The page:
Kaihanga Uku is a national collective of Māori Clay artists founded in 1987. Their founding aims were to work with clay from a Māori perspective, share knowledge and connections
Kaihanga Uku is a national collective of Māori Clay artists founded in 1987. Their founding aims were to work with clay from a Māori perspective, share knowledge and connections with other indigenous clay artists. As a collective they have exhibited nationally and internationally and established the profile of Māori ceramics both in NZ and overseas. The exhibition title “Tihei” makes reference to the legend of Tane forming the first woman Hineahuone from the clay at Kurawaka the sacred pool of Papatūānuku. On finishing his work, he breathed the enlivening hā (breath) into her nostrils. She sneezed signifying she was alive and hence the statement of self realisation – “Tihei mauri ora!” – I sneeze, I am alive! I am!” This is also used when a speaker stands and claims the right to speak. Kaihanga Uku has stood in Aotearoa and overseas and claimed the right to speak as indigenous clay artists of Aotearoa.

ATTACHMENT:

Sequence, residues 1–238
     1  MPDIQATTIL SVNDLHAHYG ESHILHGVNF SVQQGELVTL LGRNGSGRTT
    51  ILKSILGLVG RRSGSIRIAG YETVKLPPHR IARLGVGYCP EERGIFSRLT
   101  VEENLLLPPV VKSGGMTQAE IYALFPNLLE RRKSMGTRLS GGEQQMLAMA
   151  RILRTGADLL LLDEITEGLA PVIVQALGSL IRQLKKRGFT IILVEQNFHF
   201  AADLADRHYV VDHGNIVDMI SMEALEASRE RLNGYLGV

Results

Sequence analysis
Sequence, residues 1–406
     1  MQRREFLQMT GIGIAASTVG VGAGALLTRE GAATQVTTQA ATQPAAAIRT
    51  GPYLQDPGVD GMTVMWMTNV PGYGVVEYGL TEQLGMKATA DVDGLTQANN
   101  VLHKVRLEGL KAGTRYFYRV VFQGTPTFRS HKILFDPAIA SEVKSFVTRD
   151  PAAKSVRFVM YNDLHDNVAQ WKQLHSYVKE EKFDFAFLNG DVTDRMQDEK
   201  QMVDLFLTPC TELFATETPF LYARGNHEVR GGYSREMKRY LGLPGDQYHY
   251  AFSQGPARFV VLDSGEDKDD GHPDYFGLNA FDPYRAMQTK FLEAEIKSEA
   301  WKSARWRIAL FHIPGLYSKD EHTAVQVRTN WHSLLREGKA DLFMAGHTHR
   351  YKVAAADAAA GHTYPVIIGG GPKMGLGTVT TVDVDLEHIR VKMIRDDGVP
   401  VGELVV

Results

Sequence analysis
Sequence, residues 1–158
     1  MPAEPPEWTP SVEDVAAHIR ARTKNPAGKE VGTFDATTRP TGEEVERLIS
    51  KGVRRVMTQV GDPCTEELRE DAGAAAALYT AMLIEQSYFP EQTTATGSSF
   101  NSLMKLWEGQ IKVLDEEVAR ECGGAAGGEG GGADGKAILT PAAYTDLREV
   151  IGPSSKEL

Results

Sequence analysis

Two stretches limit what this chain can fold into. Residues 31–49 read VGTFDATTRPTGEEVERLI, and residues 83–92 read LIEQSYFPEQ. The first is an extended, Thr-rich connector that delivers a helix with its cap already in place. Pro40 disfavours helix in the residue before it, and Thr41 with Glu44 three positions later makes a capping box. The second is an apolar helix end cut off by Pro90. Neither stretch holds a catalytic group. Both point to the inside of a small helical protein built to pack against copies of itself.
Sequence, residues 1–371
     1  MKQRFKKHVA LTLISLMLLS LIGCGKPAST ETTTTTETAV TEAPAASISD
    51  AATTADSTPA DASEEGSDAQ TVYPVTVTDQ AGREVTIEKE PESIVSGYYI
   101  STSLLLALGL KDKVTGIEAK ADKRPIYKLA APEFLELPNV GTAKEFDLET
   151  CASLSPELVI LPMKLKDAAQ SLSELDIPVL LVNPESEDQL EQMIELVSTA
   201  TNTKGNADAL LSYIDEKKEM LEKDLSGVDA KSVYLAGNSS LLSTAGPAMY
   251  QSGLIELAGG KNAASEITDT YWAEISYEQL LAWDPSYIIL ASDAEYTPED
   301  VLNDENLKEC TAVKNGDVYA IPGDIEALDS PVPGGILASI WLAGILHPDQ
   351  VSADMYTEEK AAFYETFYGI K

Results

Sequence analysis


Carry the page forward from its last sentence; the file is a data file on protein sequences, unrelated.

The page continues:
Te Tairāwhiti Arts Festival is proud to include Tihei in their 2021 Programme.
4 (Monday) 4:30 pm - 14 (Thursday) 7:30 pm
He Rau Aroha
26 Peel St, Gisborne
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